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February 28, 2002 Setting standards in telecommunications software



Professor Rachida Dssouli

Professor Rachida Dssouli

by Janice Hamilton

When Electrical and Computer Engineering Professor Rachida Dssouli came to Concordia last June from the Université de Montréal, she didn’t come alone. Three PhD students and a master’s student made the move with her, and five more graduate students plan to come in the near future.

Dssouli modestly suggests that the attraction may not lie in her teaching abilities and quiet charm. “Students are attracted by the research domain,” she said in an interview.

The subject matter of her research is conformance testing, or testing of software systems in order to improve quality. “Our focus is automation: how to derive tests automatically, how to apply tests to the end product, and how to analyze test results and declare that the end product is conforming to its standard.”

She is involved in industrial research projects with France Telecom and Bell Universities Laboratory. Both contracts are currently up for renewal, and she hopes to hear good news about them soon. The France Telecom project focuses on protocol design and validation, while the Bell project looks at e-commerce applications and performance testing.

If the Bell contract is approved, it will be worth $142,000 a year, plus matching funds from NSERC for two more years. Dssouli will coordinate the Bell project, while associate professor Ferhat Khendek will be in charge of the France Telecom project. It brings a $100,000 grant per year for pure research, but Dssouli says its main significance is that the Concordia team is seen as a key partner in research and development by France Telecom.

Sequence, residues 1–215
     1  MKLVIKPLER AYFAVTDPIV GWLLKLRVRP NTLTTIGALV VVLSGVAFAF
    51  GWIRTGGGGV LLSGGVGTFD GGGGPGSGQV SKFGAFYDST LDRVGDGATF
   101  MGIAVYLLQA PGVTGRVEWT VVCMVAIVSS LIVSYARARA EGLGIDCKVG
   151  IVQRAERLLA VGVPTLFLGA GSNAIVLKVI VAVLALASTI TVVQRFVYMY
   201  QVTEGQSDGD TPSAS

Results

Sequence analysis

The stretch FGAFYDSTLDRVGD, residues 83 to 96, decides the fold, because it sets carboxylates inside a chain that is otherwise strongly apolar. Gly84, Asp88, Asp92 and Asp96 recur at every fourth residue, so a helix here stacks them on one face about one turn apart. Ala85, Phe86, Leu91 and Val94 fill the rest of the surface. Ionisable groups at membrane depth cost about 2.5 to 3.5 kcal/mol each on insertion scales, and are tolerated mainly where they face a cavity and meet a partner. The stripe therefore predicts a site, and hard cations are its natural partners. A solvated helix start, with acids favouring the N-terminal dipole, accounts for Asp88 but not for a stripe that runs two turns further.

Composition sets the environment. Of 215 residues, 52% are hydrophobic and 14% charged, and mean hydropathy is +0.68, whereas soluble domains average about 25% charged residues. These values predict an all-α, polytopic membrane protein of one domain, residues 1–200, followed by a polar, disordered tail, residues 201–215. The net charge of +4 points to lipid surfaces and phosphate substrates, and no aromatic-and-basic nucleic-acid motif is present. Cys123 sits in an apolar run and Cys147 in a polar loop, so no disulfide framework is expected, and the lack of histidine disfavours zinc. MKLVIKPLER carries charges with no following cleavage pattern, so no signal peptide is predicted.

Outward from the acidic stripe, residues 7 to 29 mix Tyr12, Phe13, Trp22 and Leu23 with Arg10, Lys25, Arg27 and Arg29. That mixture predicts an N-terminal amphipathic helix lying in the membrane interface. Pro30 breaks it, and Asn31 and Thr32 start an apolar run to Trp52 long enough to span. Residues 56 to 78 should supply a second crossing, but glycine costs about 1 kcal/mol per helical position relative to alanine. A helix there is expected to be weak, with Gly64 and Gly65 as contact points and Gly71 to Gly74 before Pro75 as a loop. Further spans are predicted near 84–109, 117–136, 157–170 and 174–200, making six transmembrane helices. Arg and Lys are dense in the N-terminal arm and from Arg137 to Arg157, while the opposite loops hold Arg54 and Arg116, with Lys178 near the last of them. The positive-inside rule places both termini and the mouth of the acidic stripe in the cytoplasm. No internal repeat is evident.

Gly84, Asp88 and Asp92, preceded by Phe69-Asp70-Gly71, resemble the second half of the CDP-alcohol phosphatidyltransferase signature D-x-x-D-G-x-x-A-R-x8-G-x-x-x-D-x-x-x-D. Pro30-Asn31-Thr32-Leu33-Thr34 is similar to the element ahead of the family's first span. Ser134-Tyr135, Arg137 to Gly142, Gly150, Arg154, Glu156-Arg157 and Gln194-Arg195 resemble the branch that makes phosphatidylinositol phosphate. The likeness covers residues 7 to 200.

Bridging research and practice

Dssouli likes working with industry, and says one of Concordia’s great strengths is its ability to bridge the gap between research theory and practical applications.

“We need people who can do research from a theoretical point of view and apply this research to practical problems that face industry every day,” she said. “If we understand the problems, we can bring them to the theoretical field and try to find solutions,” rather than just patching them up.

She is also an experienced conference organizer and hopes to raise Concordia’s visibility by holding workshops and conferences. She and Khendek organized a conference in September. The Concordia Prestigious Workshop on Communication Software Engineering brought together well-known academic and industry researchers from Europe, the U.S. and Canada. Communication software combines telecommunication networks and software engineering, both fields at the heart of information technology and the Internet.

The pair are currently editing a special issue of the journal Information and Technology Software that will describe the university and feature about 10 reviewed papers from the conference.

Asked about her background, Dssouli said, “I grew up in Morocco, on the Mediterranean Sea, and I did my studies in France.” In 1981 she received a Doctorat d’Université from Université Paul Sabatier in Toulouse, where her group was the second in the world (after the Japanese) to build a computer network connected by fiber optic cables.

She and her husband then came to Canada, and she got a PhD in computer science from the Université de Montreal in 1987, studying protocol networks with Dr. Gregor von Bochmann. Over the years she has taught in Morocco and at the Université de Sherbrooke, and she spent a sabbatical year with Nortel.

Recently she realized it was time for a change and decided to move to Concordia where she will have new opportunities to collaborate and build a new research group. “People working in electrical engineering and computing should work together to face challenges in telecommunication,” she said.